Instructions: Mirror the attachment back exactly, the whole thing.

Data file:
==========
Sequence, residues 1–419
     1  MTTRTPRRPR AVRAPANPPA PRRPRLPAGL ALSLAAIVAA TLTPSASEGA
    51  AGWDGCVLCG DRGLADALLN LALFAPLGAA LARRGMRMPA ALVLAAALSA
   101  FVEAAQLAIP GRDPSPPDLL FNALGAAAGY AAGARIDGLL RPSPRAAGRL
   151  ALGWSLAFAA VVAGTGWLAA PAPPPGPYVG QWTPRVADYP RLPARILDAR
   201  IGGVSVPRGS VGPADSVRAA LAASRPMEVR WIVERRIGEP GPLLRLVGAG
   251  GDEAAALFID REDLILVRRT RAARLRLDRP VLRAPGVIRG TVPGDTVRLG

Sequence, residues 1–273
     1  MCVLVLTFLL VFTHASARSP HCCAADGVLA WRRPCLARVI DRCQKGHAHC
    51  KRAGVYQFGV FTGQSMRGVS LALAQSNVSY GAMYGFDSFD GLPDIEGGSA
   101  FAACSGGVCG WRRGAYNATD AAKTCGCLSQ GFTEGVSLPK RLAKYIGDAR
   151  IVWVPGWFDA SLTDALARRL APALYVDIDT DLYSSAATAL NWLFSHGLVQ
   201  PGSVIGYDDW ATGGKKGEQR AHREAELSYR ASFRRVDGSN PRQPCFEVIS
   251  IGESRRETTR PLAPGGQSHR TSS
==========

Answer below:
Sequence, residues 1–419
     1  MTTRTPRRPR AVRAPANPPA PRRPRLPAGL ALSLAAIVAA TLTPSASEGA
    51  AGWDGCVLCG DRGLADALLN LALFAPLGAA LARRGMRMPA ALVLAAALSA
   101  FVEAAQLAIP GRDPSPPDLL FNALGAAAGY AAGARIDGLL RPSPRAAGRL
   151  ALGWSLAFAA VVAGTGWLAA PAPPPGPYVG QWTPRVADYP RLPARILDAR
   201  IGGVSVPRGS VGPADSVRAA LAASRPMEVR WIVERRIGEP GPLLRLVGAG
   251  GDEAAALFID REDLILVRRT RAARLRLDRP VLRAPGVIRG TVPGDTVRLG

Sequence, residues 1–273
     1  MCVLVLTFLL VFTHASARSP HCCAADGVLA WRRPCLARVI DRCQKGHAHC
    51  KRAGVYQFGV FTGQSMRGVS LALAQSNVSY GAMYGFDSFD GLPDIEGGSA
   101  FAACSGGVCG WRRGAYNATD AAKTCGCLSQ GFTEGVSLPK RLAKYIGDAR
   151  IVWVPGWFDA SLTDALARRL APALYVDIDT DLYSSAATAL NWLFSHGLVQ
   201  PGSVIGYDDW ATGGKKGEQR AHREAELSYR ASFRRVDGSN PRQPCFEVIS
   251  IGESRRETTR PLAPGGQSHR TSS